The UK’s historically low access to occupational health expertise is one of the key reasons why so many workers with health conditions are falling out of employment, especially older workers, the Society of Occupational Medicine has said.
Its warning follows figures from the Office for National Statistics (ONS) that have suggested the number of workers who are economically inactive because they are long-term sick is now at a record high of 2.5 million.
The ONS pointed to a combination of long Covid and record NHS waits as being factors behind the trend, but SOM has also highlighted the UK’s low levels of occupational health coverage.
SOM held a webinar last week on worklessness because of ill health, with the Bank of England and Institute for Employment Studies. This considered what is driving rising worklessness because of ill health and what employers and government should do about it.
One of the speakers, Glasgow University’s Professor Ewan Macdonald, chair of the Academic Forum for Work and Health, said: “In the UK there is a lack of competent advice for workers with health problems, because of low levels of occupational health coverage. The evidence is that organisations and individuals who have access to occupational health have lower rates of falling out of work.
“Most workers in their fifties and sixties will have health issues dealt with by GPs or in hospital. But an overloaded NHS does not have time to address the employment implications of an individual’s condition.
Universal access to OH
“In addition, hospitals are organised in silos dealing with different issues such as respiratory, cardiac, gastroenterological, mental health etc.; while GPs (in the short time they have with their patients) can generally only deal with one issue at a time,” he added.
Research by the university had shown that the number of medical conditions people have strongly predicts the likelihood of failing to return to work, Professor Macdonald pointed out.
The ONS figures added weight to SOM’s campaign for universal access to OH, argued Professor Macdonald. “We should aim to have universal access to OH for all workers; and, individuals in their 50s should have health screening in workplaces to identify their risk of job loss so that interventions can be proactive rather than reactive,” he said.
“This approach does not just rely on more doctors and professionals who are trained in OH, as they are not always available. Occupational therapists, physiotherapists and psychologists are also an important resource,” he added.
SOM also pointed to a recent speech by work and pension secretary Chloe Smith, where she said: “I’m aware of the challenges for small businesses in particular, in delivering high-quality occupational health, but I want to help them by aiming high – every business will want to make great provision available for employees.”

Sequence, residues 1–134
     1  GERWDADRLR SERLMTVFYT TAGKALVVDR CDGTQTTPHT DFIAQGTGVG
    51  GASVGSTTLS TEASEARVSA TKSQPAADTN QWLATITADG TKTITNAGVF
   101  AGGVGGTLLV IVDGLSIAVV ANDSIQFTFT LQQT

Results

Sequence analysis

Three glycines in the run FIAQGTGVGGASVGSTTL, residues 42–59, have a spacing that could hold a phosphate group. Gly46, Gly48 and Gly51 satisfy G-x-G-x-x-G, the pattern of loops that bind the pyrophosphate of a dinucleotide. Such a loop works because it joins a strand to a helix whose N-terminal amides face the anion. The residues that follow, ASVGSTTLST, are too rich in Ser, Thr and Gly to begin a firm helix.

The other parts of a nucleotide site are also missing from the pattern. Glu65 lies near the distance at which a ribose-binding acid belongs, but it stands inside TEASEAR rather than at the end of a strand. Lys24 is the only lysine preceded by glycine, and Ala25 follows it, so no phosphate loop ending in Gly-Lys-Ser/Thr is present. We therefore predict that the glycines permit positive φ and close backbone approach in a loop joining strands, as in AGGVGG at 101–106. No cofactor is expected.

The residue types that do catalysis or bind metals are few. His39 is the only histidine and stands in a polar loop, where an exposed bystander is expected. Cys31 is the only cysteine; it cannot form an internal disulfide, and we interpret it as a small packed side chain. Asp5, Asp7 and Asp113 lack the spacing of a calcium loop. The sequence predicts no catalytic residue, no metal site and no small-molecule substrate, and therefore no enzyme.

Separately, the health think-tank The Health Foundation has argued Covid-19 is not to blame for the rise in older workers leaving employment because of ill health.
The nation’s underlying ill health – rather than long Covid or extended waiting lists – was the primary reason for the rise, it suggested.
It called on the government to do more to ensure older workers with poor health who have involuntarily left the labour market altogether are supported to move back into work. This, it argued, meant a need for more tailored support to address health and skills barriers to working.
By the second quarter of 2022, 200,000 older workers (or those aged 50-69) had left employment because of ill health since the start of the pandemic, the foundation said in its own analysis of the trends.
“Before the pandemic, people were retiring later and inactivity was falling overall. But this masked the growing number of 50-64-year-olds who were inactive due to ill health. By the start of 2020, there were an additional 110,000 older workers who were no longer working on health grounds compared to 2014,” the foundation said.
“Pre-pandemic, the proportion of those who are inactive with a long-term health condition was around 63%, but this has increased only slightly to 64% post-pandemic. This suggests that underlying poor health is playing a significant role in people leaving employment,” it added.
Health Foundation analyst Alice Major said: “Increasing numbers of older workers are being forced out of work due to ill-health. Covid-19 has played a factor, through long Covid and the healthcare backlogs, but our analysis shows the problem goes back to before the pandemic. There is a longer-term issue with rising levels of ill health which can’t all be placed on Covid-19.
“If the government’s Growth Plan is to achieve its overall aims, it must treat health and wealth as inseparable. Focusing on supporting people with ill health back into employment can boost labour supply and make a substantive contribution to growth,” Major added.